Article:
Sheepshead Bay

Sheepshead Bay Sailing Club rings in new season

May 16, 2017 By Paul Frangipane Special to the Brooklyn Daily Eagle
Wendy Shomer commands a ceremony to open Miramar Yacht Club for the 2017 season. Eagle photos by Paul Frangipane

As Brooklyn in the new century rediscovers and develops its waterfront from Newtown Creek in Greenpoint through Brooklyn Bridge Park and Gowanus to Coney Island, a dedicated group of Brooklynites in Sheepshead Bay have cherished a connection to the water since 1932.

Miramar Yacht Club sits across from Kingsborough Community College in Sheepshead Bay, showcasing roughly 60 sailboats for the inhabitants of Southern Brooklyn to see. The sailing club that was founded in 1932 rang in the sailing season on Sunday, foreshadowing summer days of sailing and community events open to members and non-members of the club.

“Think of it as a grown-up tree house,” said Wendy Shomer, one of the longest standing members of the club said. “I think the club means camaraderie. I think the club means a place where you always have friends and can always depend on someone helping you.”

Shomer, 69, sails every day in the summer. She was introduced to sailing by her father and was associated with the club as young as 10 years old. For her, sailing was and continues to be a bonding experience. “Sailing is a timeless mix of aesthetics and purposeful skills, dependence on wind and tides and the beauty of a sailboat’s motion when she is trimmed just right,” she said in a statement. “I had a passion for it. I was absolutely completely engaged and still am.”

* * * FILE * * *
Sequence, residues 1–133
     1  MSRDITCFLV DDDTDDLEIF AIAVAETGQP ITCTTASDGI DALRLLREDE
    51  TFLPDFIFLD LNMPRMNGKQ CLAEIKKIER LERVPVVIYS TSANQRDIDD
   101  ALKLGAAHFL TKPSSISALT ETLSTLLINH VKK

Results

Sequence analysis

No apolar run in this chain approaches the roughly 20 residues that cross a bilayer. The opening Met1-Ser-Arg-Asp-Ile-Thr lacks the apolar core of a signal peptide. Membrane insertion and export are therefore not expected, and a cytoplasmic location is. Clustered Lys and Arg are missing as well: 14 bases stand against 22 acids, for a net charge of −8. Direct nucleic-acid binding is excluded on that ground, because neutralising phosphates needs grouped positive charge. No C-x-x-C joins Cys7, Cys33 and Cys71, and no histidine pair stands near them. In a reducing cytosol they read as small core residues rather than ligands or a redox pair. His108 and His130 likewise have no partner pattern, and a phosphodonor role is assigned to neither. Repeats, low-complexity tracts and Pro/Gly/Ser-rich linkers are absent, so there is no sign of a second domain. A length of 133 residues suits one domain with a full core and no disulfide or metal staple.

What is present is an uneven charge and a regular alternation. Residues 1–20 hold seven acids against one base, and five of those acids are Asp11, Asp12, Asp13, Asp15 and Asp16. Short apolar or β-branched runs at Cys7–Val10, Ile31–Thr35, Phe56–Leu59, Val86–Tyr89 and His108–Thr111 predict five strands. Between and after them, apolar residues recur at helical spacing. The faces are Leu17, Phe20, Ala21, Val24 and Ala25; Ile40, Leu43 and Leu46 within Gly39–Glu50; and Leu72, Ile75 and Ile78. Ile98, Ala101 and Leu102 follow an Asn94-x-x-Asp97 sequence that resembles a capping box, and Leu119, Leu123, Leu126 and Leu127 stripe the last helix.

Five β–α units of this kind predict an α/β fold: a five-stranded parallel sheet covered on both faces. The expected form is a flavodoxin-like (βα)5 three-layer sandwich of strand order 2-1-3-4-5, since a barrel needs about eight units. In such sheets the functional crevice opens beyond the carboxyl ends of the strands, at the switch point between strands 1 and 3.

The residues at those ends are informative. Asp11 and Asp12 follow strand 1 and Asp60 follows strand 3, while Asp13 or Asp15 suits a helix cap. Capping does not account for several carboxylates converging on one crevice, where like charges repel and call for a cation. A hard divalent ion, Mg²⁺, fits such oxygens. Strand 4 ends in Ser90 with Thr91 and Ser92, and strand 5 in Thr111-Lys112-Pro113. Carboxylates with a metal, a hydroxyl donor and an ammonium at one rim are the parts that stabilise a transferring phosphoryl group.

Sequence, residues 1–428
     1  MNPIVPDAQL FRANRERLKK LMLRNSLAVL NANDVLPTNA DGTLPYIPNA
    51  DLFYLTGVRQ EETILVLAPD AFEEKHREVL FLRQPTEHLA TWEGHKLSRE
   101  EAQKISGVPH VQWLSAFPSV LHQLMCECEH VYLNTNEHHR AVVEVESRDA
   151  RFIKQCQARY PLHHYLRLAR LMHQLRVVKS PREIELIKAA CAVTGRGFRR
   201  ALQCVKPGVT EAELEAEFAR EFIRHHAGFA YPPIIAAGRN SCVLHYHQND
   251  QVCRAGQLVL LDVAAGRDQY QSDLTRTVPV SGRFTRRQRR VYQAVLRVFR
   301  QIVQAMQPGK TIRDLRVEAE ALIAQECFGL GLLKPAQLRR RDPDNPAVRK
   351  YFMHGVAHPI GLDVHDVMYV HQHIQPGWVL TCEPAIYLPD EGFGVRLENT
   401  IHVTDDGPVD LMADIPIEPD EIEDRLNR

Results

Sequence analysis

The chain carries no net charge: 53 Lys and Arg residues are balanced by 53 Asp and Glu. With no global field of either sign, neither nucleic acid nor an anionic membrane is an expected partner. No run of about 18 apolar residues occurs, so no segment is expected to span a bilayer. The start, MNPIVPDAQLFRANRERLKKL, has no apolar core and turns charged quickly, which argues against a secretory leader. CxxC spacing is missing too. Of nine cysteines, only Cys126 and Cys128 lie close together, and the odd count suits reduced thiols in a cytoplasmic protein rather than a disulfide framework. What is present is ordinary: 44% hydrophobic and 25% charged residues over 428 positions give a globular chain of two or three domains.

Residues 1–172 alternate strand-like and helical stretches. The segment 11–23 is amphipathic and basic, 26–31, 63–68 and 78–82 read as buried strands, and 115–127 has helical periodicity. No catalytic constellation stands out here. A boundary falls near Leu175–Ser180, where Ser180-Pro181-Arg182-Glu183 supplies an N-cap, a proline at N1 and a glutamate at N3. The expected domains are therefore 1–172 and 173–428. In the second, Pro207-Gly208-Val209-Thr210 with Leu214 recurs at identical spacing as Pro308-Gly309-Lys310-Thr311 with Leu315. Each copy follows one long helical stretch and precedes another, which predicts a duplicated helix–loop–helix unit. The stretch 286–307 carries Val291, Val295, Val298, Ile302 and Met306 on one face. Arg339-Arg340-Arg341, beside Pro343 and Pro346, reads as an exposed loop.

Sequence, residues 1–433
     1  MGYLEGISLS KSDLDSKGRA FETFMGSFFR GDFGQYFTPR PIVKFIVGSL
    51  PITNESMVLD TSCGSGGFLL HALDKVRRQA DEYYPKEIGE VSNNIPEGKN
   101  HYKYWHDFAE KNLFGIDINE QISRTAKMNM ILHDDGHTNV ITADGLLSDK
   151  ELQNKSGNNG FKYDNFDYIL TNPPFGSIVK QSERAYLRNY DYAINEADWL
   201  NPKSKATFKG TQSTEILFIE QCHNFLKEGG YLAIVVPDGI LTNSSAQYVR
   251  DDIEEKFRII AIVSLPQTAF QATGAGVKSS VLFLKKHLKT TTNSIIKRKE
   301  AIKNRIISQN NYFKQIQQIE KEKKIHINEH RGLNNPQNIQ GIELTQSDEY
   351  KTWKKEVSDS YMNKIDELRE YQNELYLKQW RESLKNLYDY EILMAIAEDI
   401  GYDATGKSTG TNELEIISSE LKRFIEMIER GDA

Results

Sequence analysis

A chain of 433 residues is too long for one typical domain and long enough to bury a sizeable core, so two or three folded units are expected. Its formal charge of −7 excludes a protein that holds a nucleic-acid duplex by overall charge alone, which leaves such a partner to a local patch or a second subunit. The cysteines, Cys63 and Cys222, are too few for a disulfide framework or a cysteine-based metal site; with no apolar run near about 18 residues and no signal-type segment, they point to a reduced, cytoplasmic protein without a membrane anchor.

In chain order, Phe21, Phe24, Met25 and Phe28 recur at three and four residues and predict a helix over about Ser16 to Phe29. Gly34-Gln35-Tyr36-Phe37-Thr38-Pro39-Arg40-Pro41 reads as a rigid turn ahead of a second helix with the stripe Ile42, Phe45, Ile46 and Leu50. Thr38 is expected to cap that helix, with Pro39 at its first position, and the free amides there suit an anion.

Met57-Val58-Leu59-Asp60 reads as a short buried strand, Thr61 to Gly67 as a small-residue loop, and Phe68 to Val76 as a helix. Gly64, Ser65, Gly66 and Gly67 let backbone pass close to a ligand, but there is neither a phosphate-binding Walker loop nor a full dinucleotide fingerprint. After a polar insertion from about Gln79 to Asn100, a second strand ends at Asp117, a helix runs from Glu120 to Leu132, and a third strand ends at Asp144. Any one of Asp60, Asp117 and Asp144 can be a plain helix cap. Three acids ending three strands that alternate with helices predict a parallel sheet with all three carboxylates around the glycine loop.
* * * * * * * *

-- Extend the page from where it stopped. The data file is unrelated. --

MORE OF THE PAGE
The 81-member club began at 3128 Emmons Ave. by a group of young men that brought common hobbies together to form the Miramar Boat and Canoe Club. Miramar was reorganized as a cooperative yacht club in 1944 and made “substantial contribution” to the war effort when used by the U.S. Coast Guard.

With 39 commodores coming before him, Commodore Michael Friedman addressed a full room of members to discuss business before they kicked off the season.

“The one thing we all agree on is our love of boating,” he said in a statement. “Our refuge from tumult and stress is Miramar and our boats. We all enjoy the beauty and serenity of being out on the water and a majestic sunset from our grounds.”

When Hurricane Sandy ravished the shores of New York, it left Miramar and much of the surrounding coast looking like a war zone and carried away the club’s ceremonial cannon that traditionally brought the seasons in with a bang. On Sunday, a bell chased the triangular red, blue and white club flag up the flagpole.

Age does not stop members like one of the oldest sailors in Brooklyn, Gilbert Cigal, in his 90s, who still sails and owns a boat. Cigal stays on the water and stays connected to his community by using electric controls to steer his sails.

“I think the club also … it extends to social network and the interdependency that all people look for in clubs,” Shomer said. “The way Facebook keeps you glued to your screen, well, we used to be glued to each other.”

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